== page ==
BEIJING - Citing the added cost of new tariffs and delays in negotiations, Mercedes-Benz AG appears to be walking away from its proposed $1 billion minivan project in south China.
In a letter to German suppliers who planned to follow Mercedes into China, the company said it now intended 'to recheck the feasibility of the project.'
The letter, a copy of which was obtained by Automotive News, dryly notes that the decision will '... inevitably extend the time for the realization of the project.'
Sources close to the company said the letter signals that the project is dead, but a Mercedes spokeswoman held the door open to a possible restart.
'We are still interested in realizing the project if the originally planned volume is still feasible and if the Chinese side provides the necessary basis for a commercially viable project,' said Karin Malmstrom, spokesperson for Mercedes-Benz China.
Ironically, Mercedes won approval to bid for the project after Chrysler Corp. walked away from it. Chrysler withdrew after two years of negotiations failed to produce an agreement on issues of cost and technology transfer.
The Mercedes venture, which was announced with great fanfare during the 1995 state visit of Chinese President Jiang Zemin to Germany, called for Mercedes to build 60,000 V-class minivans and 100,000 engines a year at plants in Guangdong province near Hong Kong and on Hainan Island in the South China Sea.
Mercedes was to own 45 percent of the project, with South China Motor Corp. holding the balance.
But in its letter, Mercedes said, 'New customs and value added tax regulations ... would burden the joint venture ... making it uneconomical.'
China last year canceled a key tax break for foreign joint ventures: the right to import heavy equipment without paying tariffs. The prospect of paying duties on paint-shop, welding and other equipment sharply raised Mercedes' cost of setting up an auto plant.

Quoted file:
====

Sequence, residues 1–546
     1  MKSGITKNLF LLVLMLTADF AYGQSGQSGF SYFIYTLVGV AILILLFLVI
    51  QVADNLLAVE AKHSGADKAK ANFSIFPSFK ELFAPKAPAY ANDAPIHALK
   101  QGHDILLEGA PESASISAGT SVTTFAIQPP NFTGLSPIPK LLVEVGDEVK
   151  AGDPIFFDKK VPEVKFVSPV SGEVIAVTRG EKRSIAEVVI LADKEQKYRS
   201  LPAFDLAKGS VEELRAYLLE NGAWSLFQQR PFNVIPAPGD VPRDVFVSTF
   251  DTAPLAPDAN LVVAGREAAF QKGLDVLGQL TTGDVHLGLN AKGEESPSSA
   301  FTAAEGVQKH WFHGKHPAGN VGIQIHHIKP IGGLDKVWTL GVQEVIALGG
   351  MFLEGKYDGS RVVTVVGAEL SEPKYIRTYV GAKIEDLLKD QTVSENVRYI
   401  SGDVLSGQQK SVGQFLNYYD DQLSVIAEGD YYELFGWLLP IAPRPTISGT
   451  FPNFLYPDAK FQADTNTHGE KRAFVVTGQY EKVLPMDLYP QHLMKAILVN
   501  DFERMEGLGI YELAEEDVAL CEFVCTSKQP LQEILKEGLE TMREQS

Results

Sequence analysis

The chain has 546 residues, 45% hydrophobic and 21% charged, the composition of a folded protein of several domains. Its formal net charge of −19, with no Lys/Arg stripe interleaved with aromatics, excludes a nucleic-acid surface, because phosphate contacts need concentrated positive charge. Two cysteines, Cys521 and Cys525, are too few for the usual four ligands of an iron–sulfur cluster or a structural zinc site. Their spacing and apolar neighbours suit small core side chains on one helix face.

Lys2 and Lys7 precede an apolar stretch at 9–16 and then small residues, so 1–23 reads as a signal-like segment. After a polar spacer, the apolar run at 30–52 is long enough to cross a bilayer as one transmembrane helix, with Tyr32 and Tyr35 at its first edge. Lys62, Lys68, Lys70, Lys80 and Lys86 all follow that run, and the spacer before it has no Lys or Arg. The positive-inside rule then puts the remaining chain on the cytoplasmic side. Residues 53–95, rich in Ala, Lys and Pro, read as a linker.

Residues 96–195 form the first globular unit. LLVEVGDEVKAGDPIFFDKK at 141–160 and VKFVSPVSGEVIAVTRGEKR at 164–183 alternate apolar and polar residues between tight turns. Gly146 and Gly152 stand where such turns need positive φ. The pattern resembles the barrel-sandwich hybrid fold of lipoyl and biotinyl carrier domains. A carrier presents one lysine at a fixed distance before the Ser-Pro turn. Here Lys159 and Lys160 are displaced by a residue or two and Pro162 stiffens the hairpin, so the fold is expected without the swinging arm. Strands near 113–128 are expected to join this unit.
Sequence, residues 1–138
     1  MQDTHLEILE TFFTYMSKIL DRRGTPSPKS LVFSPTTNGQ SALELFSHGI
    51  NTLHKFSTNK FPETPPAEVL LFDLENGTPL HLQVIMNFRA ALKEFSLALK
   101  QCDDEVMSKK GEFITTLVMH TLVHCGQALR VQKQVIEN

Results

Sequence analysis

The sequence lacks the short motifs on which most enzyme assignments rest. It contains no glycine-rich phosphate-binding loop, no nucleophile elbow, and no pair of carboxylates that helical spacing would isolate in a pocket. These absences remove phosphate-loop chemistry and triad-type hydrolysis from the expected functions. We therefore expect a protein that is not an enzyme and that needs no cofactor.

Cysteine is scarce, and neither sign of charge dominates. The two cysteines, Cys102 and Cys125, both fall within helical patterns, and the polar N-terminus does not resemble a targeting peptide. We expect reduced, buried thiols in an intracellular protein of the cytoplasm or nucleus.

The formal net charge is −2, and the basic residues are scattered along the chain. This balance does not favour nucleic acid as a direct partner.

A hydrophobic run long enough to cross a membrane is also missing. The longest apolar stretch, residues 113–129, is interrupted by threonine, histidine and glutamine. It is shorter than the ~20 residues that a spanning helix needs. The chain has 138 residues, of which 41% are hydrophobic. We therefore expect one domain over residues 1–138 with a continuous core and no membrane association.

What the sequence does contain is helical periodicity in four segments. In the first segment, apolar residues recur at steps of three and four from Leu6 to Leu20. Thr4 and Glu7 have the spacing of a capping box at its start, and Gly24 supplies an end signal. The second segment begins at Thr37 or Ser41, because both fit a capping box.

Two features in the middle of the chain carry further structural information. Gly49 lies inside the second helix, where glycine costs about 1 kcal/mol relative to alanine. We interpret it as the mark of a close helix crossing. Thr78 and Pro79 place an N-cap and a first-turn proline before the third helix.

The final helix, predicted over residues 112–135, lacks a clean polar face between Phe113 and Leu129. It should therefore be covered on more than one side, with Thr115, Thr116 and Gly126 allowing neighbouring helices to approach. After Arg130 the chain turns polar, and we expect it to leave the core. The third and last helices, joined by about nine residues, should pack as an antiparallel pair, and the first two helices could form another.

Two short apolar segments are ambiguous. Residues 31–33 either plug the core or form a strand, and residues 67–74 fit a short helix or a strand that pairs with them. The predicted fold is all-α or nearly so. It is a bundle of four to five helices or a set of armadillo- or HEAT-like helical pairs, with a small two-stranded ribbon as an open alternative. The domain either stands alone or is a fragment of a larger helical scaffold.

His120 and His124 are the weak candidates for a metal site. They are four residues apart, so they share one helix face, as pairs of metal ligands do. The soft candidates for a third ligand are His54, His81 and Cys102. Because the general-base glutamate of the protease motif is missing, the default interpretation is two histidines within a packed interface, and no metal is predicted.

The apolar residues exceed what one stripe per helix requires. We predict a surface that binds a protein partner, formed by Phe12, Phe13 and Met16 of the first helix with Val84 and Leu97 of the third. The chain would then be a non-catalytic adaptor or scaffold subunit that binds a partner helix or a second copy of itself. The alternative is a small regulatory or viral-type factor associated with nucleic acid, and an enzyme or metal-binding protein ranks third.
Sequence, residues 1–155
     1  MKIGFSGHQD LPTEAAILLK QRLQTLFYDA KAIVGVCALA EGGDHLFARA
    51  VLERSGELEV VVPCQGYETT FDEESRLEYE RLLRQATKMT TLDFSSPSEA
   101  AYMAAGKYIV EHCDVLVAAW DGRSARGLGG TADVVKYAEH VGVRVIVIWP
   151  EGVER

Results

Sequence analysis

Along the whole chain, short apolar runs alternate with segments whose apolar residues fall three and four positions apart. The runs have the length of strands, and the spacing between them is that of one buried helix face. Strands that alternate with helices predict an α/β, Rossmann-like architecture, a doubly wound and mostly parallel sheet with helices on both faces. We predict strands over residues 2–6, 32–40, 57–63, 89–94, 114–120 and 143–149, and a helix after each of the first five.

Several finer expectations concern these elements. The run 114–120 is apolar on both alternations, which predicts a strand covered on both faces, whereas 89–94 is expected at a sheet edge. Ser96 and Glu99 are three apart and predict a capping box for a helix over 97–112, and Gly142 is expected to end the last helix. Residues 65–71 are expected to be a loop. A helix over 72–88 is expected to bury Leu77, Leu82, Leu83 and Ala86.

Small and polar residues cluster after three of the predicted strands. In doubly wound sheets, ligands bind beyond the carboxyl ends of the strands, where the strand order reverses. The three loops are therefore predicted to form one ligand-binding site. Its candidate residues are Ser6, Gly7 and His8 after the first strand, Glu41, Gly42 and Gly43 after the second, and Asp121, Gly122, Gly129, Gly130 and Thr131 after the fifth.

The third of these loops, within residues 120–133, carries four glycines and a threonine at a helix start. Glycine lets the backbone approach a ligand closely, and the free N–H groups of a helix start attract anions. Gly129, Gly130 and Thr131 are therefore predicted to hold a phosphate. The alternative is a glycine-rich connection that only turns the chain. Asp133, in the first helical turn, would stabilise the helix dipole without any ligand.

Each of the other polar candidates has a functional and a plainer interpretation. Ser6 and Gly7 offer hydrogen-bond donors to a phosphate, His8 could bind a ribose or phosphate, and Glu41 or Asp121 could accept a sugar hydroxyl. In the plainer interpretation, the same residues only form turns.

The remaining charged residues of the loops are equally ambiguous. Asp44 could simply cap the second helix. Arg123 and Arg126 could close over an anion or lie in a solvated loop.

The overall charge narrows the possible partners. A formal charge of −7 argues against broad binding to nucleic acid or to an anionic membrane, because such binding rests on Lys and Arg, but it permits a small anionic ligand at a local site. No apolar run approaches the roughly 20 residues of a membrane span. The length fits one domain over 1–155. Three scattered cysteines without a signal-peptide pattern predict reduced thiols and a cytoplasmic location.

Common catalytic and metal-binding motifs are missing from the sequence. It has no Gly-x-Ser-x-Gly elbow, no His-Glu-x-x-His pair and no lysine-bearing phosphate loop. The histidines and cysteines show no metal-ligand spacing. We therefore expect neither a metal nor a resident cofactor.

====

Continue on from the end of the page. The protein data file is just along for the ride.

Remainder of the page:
The letter also noted that Mercedes had realized that '... there must be appropriate compensation from the Chinese (government) to guarantee profitability' of the venture.
At the moment, Mercedes said, it could not determine what level of compensation it needed.
Sources said Mercedes' enthusiasm for the project also was wrung dry by two years of tough negotiations with the Guangdong and Hainan provincial governments. The two governments failed to take a joint approach to the project and tried to milk concessions from Mercedes at every step of the process, the sources said.
Mercedes also has been concerned about the current and future state of China's car industry. For more than a year, car sales have languished as the government has pursued a tight-money policy to fight inflation.
At the same time, the central government appears to be downgrading the industry's status in the official economic scheme.
That debate has led to conflicting statements as to whether the auto sector is still a 'pillar industry' in China's economic modernization, a status that gives industries a priority claim on resources and makes them eligible for various economic incentives.-
The withdrawal of Mercedes from the minivan project would be a major setback for the Guangdong government and its declared aim of attracting high-tech industry to the province.
Guangzhou, the provincial capital, also is the site of a Peugeot car joint-venture plant that is close to shutdown.
The province is trying to draw a second wave of advanced industries in order to change the industrial landscape of south China, which now relies heavily on labor-intensive industries such as garment making and toy manufacturing.